Forest Park Review from Forest Park, Illinois on March 3, 1971 · Page 14
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Forest Park Review from Forest Park, Illinois · Page 14

Forest Park, Illinois
Issue Date:
Wednesday, March 3, 1971
Page 14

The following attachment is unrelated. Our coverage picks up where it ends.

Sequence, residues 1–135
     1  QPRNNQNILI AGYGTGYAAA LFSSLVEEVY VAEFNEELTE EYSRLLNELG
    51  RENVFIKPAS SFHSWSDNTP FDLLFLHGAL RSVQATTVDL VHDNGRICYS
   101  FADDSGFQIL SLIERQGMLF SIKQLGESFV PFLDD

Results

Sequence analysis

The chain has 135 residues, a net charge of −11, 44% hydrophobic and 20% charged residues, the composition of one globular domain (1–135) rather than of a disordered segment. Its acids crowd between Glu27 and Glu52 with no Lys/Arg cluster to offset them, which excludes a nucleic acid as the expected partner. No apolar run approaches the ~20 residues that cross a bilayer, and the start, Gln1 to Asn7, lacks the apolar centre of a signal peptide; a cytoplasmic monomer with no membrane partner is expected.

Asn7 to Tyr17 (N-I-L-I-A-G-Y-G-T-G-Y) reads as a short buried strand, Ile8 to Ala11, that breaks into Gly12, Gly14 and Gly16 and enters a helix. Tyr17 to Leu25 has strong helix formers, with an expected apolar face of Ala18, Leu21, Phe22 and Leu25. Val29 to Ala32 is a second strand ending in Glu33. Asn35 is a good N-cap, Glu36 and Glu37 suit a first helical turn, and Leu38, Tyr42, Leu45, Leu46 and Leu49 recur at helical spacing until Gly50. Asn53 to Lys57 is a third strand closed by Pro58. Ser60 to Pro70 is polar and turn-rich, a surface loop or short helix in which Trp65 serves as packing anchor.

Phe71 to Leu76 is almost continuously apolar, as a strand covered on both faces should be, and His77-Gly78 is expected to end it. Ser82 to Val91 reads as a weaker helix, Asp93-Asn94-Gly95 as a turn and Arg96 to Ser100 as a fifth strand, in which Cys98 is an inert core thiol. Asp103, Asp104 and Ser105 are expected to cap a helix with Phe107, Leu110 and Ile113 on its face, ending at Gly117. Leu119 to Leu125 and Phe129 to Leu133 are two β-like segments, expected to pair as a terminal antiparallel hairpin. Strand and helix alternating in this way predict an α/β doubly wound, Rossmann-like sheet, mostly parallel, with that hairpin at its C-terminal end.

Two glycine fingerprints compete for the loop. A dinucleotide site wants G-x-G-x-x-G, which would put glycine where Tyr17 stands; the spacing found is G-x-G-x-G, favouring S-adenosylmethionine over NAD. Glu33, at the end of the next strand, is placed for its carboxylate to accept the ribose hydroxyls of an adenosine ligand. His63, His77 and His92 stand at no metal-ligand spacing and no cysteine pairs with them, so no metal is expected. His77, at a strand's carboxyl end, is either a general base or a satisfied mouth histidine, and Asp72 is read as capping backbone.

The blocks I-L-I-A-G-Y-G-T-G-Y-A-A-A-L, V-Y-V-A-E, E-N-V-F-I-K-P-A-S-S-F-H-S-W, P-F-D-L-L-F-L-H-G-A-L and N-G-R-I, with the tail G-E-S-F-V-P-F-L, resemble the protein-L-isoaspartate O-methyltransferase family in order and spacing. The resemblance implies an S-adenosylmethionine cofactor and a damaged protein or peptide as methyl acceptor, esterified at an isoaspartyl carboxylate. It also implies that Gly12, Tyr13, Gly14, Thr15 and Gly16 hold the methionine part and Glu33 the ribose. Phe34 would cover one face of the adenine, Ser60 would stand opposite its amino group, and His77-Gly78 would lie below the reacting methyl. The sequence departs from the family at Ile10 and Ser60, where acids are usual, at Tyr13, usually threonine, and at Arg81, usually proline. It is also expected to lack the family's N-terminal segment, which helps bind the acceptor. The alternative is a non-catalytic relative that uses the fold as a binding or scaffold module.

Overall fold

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FOREST PARK REVIEW, WEDNESDAY, MARCH 3, 1971, PAGE 14 If you wake up j richer every morning. can take it much easier, Daily Interest Savings at River Forest Bank pays you 4/i^every day. Hit cr Forest regular su\inf>s OIU 1 t Ami i In \ nti f_ da\ . \\< Hank am r MH) davs. u <ni can » iddilion. pay 1 I I ),()/••( MI- r< 2' i pa mil " 1- u it nip the regular saving urrnunts 12 months and Plan like llii. vtnir \%ak 1 1 "H s \( \\l ii inlrrcsl rllu-r VDU ct inlrrrsl wlii iinni Minil ll, r l . In '*' ( U|> \ ialrK . spur ifilf «'-t Irpil in \i- \niir nior irrniiifh 1.0' sill IM- a p cry day )ti<ni(*\ it's nn 1 dailv n-sl a •v un i \\iih aMirr on is votir icrc deposit. IIH I(>H cpo jniiif: •d on •>il for I Sa\ ings In 1971. WHAT? YOU STILL DON'TJHAVE A FREE CHECKING ACCOUNT? • Unlimited deposit* wilhout charge. • Write unlimited check* for personal use, • No postage expense- -bank pays postage both ways on your deposits. • Initial order of personalized checks free' then only about Ic per check. • No charge for-monthly statements. • Free automatic transfer to your savings account on request. • All of the above without charge as long as monthly minimum balance is $100 or more. FOREST STATE "R AIMTC" & TBUST •"^**AllX^ COMPANY 7727 Lake St. • River Forest, III. • Phone:369-6400 PeHe's Hours: Lobby—8-2 daily; also 5-8. Fri., Sat. 8-Noon. Walk Up—2 <t daily; Fri. 2-5. Drive-Ins—8-4 daily; Fri. 8-8; Sat. 8-Noon. CHILDREN LEARN FROM ANIMAL CARTOONS ON TV Have you ever marveled at how children identify with animals in stories, books, cartoons—even when the animals bear no resemblance to their real counterparts, and are pure fantasies? Ever wonder why these fantasies inspire such devotion and loyalty? In the movie days before television, Mickey Mouse .and Minnie Mouse were the most popular non-human contemporaries of a whole generation of younusters. Kids of all ages mimicked them, and shared in their joys and woes. Then there were Donald Duck, Porky the Pig, and a long succession of cartoon personalities right up to Bugs Bunny and Snoopy, courtesy of today's television. Each new crop of youngsters is weaned on its own fantasy idols of the day. Obviously children relate earliest to the animals , they- know as pets—the puppy, the kitten, the turtle. But less familiar animals also become friends. The cuddly teddy bear represents' security to the infant in its crib; in France, it's the stuffed baby elephant that the' child takes to bed with him. Babar the Elephant is a national hero to French children, much as Mickey Mouse was here. Fantasy animals in books and films are endowed with human qualities, while still maintaining their inherent animal characteristics. In a-child's make-believe world, this seems very natural. The story plots involve problems similar- to those of humans, so the child can identify with familiar and undtirstfa'ndurble' • sHuaVeWs.'-' Good and evil, wisdom and folly are communicated through the behavior of these fanciful animals. Children, like adults, can laugh at themselves through the antics of comic characters. A baby elephant being punished for a misdeed is very funny, but the message is not lost. Psychologists say that the way a child sees animals will often reveal clues to his own personality. Some psychologists will ask a child what animal he would most like to be, if he had the choice. - Choosing to be a "wise owl," or.a "ferocious lion," or "the big bad wolf" will indicate many things about the child's own feelings. These images of animals are learned mostly through children's books, movies arid cartoons. Animated cartoons are"~fcra- ditionul children's fare on television, but not all cartoons are •,v;deal viewing for children. borne are animal cartoons, some are comic strip super- heroes; many contain a surprising amount of violence and less than desirable themes. But the most durable and best-loved cartoons become classics, and find their way to television screens •via TV specials, oiten being brought back for repeat performances. One upcoming, TV special that's coming back for an encore -is fast endearing France's favorite animal character to young American hearts. It'i. "Babar the Elephant," the highly acclaimed animated musical based on the French children's book classic. This delightful half-hour color film, whiph charmed millions of viewers in its first TV appearance last fall, will be sponsored by Viking Carpets on. April 21st, over NBC-TV national network. The film was produced by Lee Mendelson and animator Bill Melcndez;, the same award-winning team that brought the Charlie Brown show to television:

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